LINGUISTICS & CULTURE
|Data:||03/NOV/2009 6:24 PM|
|Assunto:||date & 'not have' qu|
Following the quite logical sequence, from smallest to largest unit, you get:
Day / month / year
As in ‘1 November 2009’ – this is the preferred plain English usage.
I wasn’t aware that the English language had a military force, but apparently they like this one too.
I’m not sure on what basis the out-of-order sequence (month/day/year) is described as being ‘most common’ – there must be a footnote reference missing (or a disclaimer of some sort: ‘ltd to xyz regional dialect’).
Perhaps you can describe this miniscule change of sequence (mdy instead of dmy) as an example of a psychological feature of US English – one ofthe means by which they are trying their best to distinguish and distance themselves from their British origins.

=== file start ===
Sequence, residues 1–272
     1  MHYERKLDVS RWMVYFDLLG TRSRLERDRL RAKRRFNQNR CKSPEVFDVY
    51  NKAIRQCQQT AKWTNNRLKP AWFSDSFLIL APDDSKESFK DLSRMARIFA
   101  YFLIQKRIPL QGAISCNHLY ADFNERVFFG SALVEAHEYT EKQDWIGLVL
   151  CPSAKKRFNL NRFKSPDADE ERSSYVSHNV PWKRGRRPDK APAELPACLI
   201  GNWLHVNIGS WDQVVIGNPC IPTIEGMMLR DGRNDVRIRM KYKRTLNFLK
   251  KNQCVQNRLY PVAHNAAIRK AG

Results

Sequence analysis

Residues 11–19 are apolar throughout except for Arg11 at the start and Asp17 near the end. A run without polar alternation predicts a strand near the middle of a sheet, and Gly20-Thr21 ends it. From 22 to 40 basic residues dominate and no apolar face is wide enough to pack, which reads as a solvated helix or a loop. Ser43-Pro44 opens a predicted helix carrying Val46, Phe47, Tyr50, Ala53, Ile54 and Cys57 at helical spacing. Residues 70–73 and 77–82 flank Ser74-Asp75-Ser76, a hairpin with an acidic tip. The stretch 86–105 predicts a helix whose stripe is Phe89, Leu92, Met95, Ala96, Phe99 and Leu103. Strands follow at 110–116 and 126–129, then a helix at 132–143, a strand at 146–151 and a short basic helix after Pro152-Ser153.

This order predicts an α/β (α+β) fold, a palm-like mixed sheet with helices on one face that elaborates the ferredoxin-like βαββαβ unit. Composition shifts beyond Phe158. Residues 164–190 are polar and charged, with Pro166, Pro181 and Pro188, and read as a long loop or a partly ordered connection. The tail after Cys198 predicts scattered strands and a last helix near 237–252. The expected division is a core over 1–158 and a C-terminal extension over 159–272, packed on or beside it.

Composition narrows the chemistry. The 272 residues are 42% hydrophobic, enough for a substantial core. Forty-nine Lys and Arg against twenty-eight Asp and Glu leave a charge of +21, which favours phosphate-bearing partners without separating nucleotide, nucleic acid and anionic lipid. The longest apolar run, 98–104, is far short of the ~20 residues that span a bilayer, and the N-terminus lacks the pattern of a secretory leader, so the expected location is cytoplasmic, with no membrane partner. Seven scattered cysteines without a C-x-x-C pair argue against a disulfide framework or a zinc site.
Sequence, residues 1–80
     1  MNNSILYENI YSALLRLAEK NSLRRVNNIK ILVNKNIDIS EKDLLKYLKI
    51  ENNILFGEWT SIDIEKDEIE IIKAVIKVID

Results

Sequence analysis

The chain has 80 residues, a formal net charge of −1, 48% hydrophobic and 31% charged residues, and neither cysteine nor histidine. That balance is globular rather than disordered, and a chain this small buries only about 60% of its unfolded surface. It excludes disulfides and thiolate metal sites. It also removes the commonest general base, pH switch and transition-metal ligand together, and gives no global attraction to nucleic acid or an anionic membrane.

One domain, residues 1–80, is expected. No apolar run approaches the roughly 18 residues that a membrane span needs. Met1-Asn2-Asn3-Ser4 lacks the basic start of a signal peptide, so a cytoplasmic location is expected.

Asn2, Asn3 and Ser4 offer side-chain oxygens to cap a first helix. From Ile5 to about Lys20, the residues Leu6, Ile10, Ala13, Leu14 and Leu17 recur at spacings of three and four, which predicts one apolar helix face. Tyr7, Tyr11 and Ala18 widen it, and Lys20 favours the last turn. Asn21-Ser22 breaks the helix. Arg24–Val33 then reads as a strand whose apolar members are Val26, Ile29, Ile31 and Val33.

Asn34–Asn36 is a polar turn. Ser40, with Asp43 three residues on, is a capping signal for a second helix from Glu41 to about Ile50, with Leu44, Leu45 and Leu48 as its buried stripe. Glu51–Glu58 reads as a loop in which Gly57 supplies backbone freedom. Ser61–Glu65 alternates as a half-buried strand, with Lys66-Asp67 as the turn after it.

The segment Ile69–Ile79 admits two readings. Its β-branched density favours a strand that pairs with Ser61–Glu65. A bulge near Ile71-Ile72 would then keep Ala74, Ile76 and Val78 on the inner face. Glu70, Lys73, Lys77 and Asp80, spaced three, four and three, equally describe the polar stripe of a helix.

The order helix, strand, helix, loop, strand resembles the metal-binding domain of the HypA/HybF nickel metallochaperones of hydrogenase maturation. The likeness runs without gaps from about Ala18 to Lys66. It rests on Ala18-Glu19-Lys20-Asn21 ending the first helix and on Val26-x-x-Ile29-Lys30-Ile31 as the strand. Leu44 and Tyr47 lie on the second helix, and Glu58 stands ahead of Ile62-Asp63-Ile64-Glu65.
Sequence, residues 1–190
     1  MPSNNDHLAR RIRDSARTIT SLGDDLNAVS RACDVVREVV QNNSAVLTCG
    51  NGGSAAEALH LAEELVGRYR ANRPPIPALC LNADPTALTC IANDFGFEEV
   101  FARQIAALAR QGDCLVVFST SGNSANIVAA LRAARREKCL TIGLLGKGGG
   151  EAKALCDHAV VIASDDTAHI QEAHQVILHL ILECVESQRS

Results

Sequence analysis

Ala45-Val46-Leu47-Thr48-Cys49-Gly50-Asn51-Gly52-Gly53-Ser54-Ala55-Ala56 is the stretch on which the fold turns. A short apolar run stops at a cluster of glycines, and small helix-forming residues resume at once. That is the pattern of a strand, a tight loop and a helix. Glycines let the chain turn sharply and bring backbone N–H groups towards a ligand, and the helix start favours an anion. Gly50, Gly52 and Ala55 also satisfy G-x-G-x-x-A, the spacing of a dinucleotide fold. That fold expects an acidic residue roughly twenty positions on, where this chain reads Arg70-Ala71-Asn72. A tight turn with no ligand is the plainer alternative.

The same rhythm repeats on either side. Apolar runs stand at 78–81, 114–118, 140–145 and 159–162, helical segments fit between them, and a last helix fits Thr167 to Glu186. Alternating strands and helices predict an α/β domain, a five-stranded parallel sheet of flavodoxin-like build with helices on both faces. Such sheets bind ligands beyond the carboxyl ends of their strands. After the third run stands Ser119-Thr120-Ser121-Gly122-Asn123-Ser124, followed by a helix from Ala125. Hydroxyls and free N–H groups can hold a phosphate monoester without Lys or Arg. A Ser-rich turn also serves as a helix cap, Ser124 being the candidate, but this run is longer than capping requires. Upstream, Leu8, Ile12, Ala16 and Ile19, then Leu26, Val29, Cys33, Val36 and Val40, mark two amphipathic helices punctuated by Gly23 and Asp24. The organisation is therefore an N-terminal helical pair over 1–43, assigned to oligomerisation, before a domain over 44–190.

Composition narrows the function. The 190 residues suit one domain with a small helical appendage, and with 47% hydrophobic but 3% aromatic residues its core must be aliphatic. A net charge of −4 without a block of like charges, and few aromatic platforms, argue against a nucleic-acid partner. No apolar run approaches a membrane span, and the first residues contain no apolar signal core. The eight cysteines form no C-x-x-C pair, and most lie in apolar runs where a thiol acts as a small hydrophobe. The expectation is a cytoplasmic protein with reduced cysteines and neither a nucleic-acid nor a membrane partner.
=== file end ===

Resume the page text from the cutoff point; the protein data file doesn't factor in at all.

It’s pretty lame stuff though – if the difference was in fact so great, it wouldn’t require a self-conscious effort to constantly point it out: “Lookma!! See how different and original am!!”“Yes sonny (groan).”
Any unique difference is not borne out by a bunch of miniscule language distinctions (most of which were probably invented by publishers &editors to push up book sales).
The apparent gulf of separation turns out to be a barely distinguishable sliver – more a crack in the footpath (Sorry: sidewalk!.. or do I mean ‘pavement’) than a grand canyon!
So stick with the simple and logical ‘day / month / year’ and even the users of fragmented regional dialects will get you.
Natural English: I would never say ‘Is there not a computer in your house?’
Instead ‘haven’t you got a computer?”
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